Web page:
There’s a mild tightening in my chest which often occurs at this time of year. The first cards that arrive in the post always throw me off balance. It makes me wonder whether I’ve missed a memo or skipped a week. It’s exacerbated by all the posts I see on social media of beautiful Christmas trees up and decorated, presents bought and already wrapped. Fair play to everyone who is ahead of the game and organised for the festive season but I am not. It seems too early to be in full-Christmas mode. I don’t want to be sick of it before it’s here but neither do I want to slide into a proper panic because I’ve left it too late to order the turkey or an important gift. It’s a fine line.
We won’t get our tree until after my son comes home from uni at the end of next week. Gift-wise, I plan to do most of my shopping online with a trip into Canterbury on a weekday when it won’t be as chokka as it is at the weekends. Fitting this in will be a challenge, though, as there isn’t a day between now and Christmas Eve when I don’t have at least one thing happening. (There’s that feeling again…) It would help if I knew what everyone would like. In years gone by, detailed lists would have been drawn up by now, but at 14, 17 and 19, there’s less excitement among my brood, less anticipation. To be fair, there’s less build-up. There aren’t the endless Christmas events that happened when they were in primary school – there are no school events at all that I’m aware of. (That’s not to say that there aren’t any, just none that I’ve been told about.)
Although we do have our family traditions, the stockings that we (actually, mostly David) made when the children were small, each one with a different coloured ribbon, our much-loved decorations, our favourite films like ‘Polar Express’, ‘Arthur Christmas’ and ‘Muppet’s Christmas Carol’ (just typing that makes me smile), our Christmases are definitely evolving now that the children are all teenagers. There’s no more waking up at the crack of dawn on Christmas morning, for one thing! This year, I’m planning to get them all more involved, to give them all jobs to do and I’ll try to not micro-manage every detail. Once the gift and food shopping is done, I intend to be relaxed about it, to enjoy the things that matter and not fret about things that don’t. This year, more than ever, I am acutely conscious of all that we have, of what’s important and how precious our time together is. My mother-in-law will be with us but my parents are going to my brother’s, so it’ll just be the six of us. I’m sure the teenagers will have plans and we’ve been invited to a few parties but I am looking forward to the times when we’re all here, when the curtains are drawn against the dark outside, the fire and candles are lit and we are safe and cosy together.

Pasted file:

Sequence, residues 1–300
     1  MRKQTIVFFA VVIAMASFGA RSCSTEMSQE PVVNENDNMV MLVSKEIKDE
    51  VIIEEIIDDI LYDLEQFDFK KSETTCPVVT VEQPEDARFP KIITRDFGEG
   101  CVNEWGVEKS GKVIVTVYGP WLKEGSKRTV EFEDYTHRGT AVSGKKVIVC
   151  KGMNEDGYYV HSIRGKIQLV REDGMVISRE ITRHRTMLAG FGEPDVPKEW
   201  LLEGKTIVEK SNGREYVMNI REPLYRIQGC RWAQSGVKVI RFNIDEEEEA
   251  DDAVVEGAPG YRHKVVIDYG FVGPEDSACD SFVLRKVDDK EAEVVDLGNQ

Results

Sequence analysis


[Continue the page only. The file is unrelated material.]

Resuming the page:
I took my daughter and a couple of her friends to the pantomime in Canterbury on Wednesday evening. It’s Cinderella this year and the ugly sisters were outrageous and hilarious, as were the puns, the costumes were amazing and fake snow fell all over the audience which was quite magical. And today was a gift of a day. I was due to attend a meeting in London but it was cancelled (I heard after I’d speed-walked the dog in the pouring rain but luckily before I left the house for the station), so I slowed right down, had another mug of tea and contemplated the kitchen. I spied the bowl of dried fruit in brandy for the Christmas cake covered with a tea towel which has been sitting on the side for a couple of weeks. It was meant to be soaking overnight but life got in the way.
Before I made the cake, though, I discovered that treacle had leaked out into the bottom of one of our big drawers where we keep all our baking ingredients, so I cleaned it out and threw away a load of out-of-date half-used packets. In full tidying mode, I cleared out the other food drawer and reorganised everything into similar products. THEN I made the Christmas cake. I always follow Delia Smith’s rich fruit cake recipe because it’s straightforward and always works and it tastes delicious. She says in no uncertain terms that you must NOT open the oven door for at least four hours. Meanwhile, the delicious smell is wafting through the house and David is complaining that we won’t be able to eat it for 18 days.
I hope all is well with you. Have a lovely weekend. I’m off to guard the cake.